#if defined SSD1331_COLORORDER_RGB
    sendCommand(0x72);    // RGB Color
    sendCommand(0x76);    // BGR Color
    sendCommand(SSD1331_CMD_STARTLINE);  // 0xA1
    sendCommand(SSD1331_CMD_DISPLAYOFFSET);  // 0xA2
    sendCommand(SSD1331_CMD_NORMALDISPLAY);   // 0xA4
    sendCommand(SSD1331_CMD_SETMULTIPLEX);  // 0xA8
    sendCommand(0x3F);     // 0x3F 1/64 duty
    sendCommand(SSD1331_CMD_SETMASTER);   // 0xAD
    sendCommand(SSD1331_CMD_POWERMODE);   // 0xB0
    sendCommand(SSD1331_CMD_PRECHARGE);   // 0xB1

This is where I had a chance to try out my new Saleae logic analyzer. It's funny how once you buy something, you start noticing other people that have that same "thing". I noticed that @GregDavill had posted something on Twitter with his Saleae - and so I commented on it. His reply was crazy! I don't think I'll be using mine as a coaster anytime soon LOL. So here's my new Saleae, sans mug, hooked up to my Radiona ULX3S :

ULX3S with SSD1331 display on a breadboard with Saleae Logic Analyzer
In order to most easily connect the logic analyzer, I disconnected the display from the main ULX3S board and plugged it into the breadboard. Here, I would have preferred that the Saleae had male connector pins instead of female, but a few short M-M jumpers to the rescue.

I did buy my own Dupont crimping too la few years back, so I will probably make my own Saleae male-pin probe set for breadboards. The only think needed is some wire and a Dupont header kit such as this one on ebay .

So back to the setup: Not completely intuitive is the trigger and decoding of the SPI signals. The first thing is to setup the start of capture based on the falling edge of the clock:

The next is to tell the Saleae software *which* pins are being used for decoding. First select the SPI decoder on the right side of the app:

Next, click on the little gear and "edit settings" to select which channels are which SPI pins:

The good thing is that if you don't need to change protocols, the software remembers this even after uninstalling and re-installing new software. So until you change debugging projects, the setup of the logic analyzer stays consistent.

From a software perspective, we just simply expect the bytes to be sent. But to actually see what's going on, the logic analyzer is indispensable:

Here we can see the same hex codes in the Salaea decoded from the logic analyzer probes as seen in the code segment, above. Setup of the decoder in the software was also vastly easier than the serial decoder mentioned above on my oscilloscope. The first byte sent on the SPI bus is 0xAE, the command turn turn the display off during initialization. How cool is that?

Although the Salaea software is not implemented with the proper Windows UI (banner toolbar across the top, File-Save, Help-About, etc)... for the most part it is quite easy to use and intuitive. One of the less-obvious features is that you can double click on the decoded values in the lower right, and the display auto-scrolls and auto-scales to the trace for that value. Very nice.

Once I had a benchmark of sending a byte of SPI data in under 8 micro-seconds, let's see what happens when manually bit-banging the pins from C#. Here's the code to send an SPI byte:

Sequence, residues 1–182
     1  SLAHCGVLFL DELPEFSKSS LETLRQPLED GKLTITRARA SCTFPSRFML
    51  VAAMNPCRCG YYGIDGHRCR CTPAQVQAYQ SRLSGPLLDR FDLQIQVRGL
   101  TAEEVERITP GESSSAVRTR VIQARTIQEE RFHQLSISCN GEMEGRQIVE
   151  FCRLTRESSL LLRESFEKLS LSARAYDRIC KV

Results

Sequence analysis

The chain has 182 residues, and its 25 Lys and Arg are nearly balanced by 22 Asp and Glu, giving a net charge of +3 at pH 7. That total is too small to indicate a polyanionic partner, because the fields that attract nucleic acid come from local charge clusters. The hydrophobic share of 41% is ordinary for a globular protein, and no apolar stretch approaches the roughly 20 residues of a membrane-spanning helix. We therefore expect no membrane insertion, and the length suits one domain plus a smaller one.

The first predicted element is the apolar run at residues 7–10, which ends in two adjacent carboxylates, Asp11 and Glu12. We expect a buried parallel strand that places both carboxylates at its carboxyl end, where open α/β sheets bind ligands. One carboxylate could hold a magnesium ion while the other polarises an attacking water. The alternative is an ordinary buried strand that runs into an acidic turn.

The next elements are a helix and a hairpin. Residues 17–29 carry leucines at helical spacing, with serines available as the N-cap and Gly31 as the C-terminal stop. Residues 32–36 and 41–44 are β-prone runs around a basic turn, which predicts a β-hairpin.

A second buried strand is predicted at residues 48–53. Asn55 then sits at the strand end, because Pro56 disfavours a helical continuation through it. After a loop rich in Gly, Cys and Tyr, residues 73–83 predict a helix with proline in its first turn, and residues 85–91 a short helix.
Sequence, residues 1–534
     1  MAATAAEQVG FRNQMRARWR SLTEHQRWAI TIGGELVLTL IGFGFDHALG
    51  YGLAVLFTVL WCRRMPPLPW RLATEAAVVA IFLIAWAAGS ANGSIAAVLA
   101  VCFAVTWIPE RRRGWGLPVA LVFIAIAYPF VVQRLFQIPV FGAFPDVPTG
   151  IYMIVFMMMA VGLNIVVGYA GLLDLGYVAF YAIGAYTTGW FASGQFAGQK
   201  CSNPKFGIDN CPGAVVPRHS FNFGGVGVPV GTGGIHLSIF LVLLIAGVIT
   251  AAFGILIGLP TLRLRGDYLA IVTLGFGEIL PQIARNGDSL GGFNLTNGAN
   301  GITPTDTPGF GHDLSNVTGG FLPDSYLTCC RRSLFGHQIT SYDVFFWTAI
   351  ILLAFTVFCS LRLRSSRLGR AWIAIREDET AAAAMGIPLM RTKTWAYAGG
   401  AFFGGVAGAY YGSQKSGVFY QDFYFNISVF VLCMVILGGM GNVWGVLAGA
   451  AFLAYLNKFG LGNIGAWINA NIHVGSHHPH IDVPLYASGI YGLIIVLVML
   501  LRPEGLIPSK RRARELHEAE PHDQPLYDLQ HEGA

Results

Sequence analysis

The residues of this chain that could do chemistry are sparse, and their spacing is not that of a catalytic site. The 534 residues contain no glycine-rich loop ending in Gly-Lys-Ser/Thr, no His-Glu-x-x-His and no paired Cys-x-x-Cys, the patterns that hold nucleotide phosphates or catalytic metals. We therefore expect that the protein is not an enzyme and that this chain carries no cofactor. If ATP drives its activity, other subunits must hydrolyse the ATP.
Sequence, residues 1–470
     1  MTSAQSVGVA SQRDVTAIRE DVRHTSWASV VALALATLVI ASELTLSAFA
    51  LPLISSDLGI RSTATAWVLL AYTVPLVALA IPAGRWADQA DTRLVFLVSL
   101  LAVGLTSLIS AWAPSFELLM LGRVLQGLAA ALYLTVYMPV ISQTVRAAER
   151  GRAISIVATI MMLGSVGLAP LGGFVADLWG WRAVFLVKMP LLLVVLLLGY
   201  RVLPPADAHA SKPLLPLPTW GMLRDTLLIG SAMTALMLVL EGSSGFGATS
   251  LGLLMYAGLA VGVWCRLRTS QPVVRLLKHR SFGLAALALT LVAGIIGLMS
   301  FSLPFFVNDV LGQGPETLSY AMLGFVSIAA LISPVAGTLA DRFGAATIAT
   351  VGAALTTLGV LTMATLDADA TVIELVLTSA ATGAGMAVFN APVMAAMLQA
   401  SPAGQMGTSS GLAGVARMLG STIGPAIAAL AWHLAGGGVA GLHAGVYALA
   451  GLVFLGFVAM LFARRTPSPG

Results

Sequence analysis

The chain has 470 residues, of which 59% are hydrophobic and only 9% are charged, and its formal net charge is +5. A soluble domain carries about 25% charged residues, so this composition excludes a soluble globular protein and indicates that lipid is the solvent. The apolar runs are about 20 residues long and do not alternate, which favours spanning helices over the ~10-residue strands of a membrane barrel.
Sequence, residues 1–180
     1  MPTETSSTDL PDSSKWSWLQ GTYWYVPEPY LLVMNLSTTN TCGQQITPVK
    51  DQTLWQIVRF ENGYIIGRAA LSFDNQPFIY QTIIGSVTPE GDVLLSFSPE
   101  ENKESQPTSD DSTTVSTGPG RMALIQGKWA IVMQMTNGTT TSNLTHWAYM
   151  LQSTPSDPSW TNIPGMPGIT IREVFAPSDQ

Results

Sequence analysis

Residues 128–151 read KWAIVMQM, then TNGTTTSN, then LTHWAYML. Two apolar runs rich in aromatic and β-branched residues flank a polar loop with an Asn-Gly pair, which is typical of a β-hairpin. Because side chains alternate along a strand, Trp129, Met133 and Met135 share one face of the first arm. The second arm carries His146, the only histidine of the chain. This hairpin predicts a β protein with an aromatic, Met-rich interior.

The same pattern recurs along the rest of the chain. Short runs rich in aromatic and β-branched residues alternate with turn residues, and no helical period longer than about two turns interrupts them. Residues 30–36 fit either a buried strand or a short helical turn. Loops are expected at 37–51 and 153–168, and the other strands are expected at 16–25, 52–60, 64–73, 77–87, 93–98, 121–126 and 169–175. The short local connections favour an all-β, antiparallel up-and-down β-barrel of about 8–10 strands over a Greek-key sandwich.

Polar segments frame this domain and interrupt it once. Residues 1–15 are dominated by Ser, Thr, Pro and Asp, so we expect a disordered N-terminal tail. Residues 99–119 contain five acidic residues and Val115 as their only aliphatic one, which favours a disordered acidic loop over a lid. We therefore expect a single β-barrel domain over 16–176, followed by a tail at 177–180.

private void spiWrite(byte b)
            for (byte bit = 0; bit < 8; bit++)
                if ((b & 0x80) > 0)
                b <<= 1;

This is pretty straightforward and almost identical to the Adafruit C/C++ code in their SPITFT library (minus the hardware-specific conditional compile directives) that I based my C# code on. See also the spiWrite() in esp32-hal-spi.c .

Next, I tried to use the built-in nanoFramework SPI driver, but manually control the D/C line.

private void WriteCommand(byte command)
            _buffer1[0] = command;
            // the time between the next two statements is a whopping 0.3ms
            // here we manually bring DS low
            _spi.Write(_buffer1); // all 8 bits in about 54uS

Here's what it looks like on the logic analyzer:

Notice in particular the vastly longer delay in switching the D/C line as compared to the bits sent during the native _spi.Write() . There's nearly three-quarters of a millisecond window for the D/C line, but only about 54 microseconds to send the entire 8 bits of data:

When I posted this information on the Discord channel, @terryfogg suggested that I review  a similar example  being worked on. From what I could tell, it was VSPI with a different set of pins and also confirmed that C# is just too slow for this kind of, so instead this was using native code. Ah yes, the twisty little passage - the Rabbit hole goes on to another whole level: calling native code from C# on an embedded device.

The next level of complexity? Interop of course. To get started, there's a pretty good tutorial on Interop in the .Net nanoFramework. Yes, interop of course pretty much screws the entire concept of managed code , but with the benefit of vastly better performance. Hm. See the links at the bottom of this page for more information on calling unmanaged code from C#. I think that's probably a whole topic in and of itself. Stay tuned...

Full disclosure: I purchased the Saleae Logic Pro 16 at a substantial discount since I (sadly) don't do this fun stuff for a living. Saleae has a "Electronics Enthusiasts (non-commercial use)" discount. My primary motivation was the USB3 sampling speeds of up to 125MHz to be used as I dig deeper into the ULX3S FPGA capabilities. The discount of course made all the difference for my hobbyist budget. In fact, there's an "Enthusiast Discount Extreme Edition " that I hope to qualify for with this blog entry.

I purchased the ULX3S early last year from Goran after reading about it on Hackaday and sending an email. Although I am listed as one of the members of the Radiona CrowdSupply team , I am not employed by Radiona, nor do I receive any financial compensation from them.

All opinions expressed here are my own and not representative of my employer.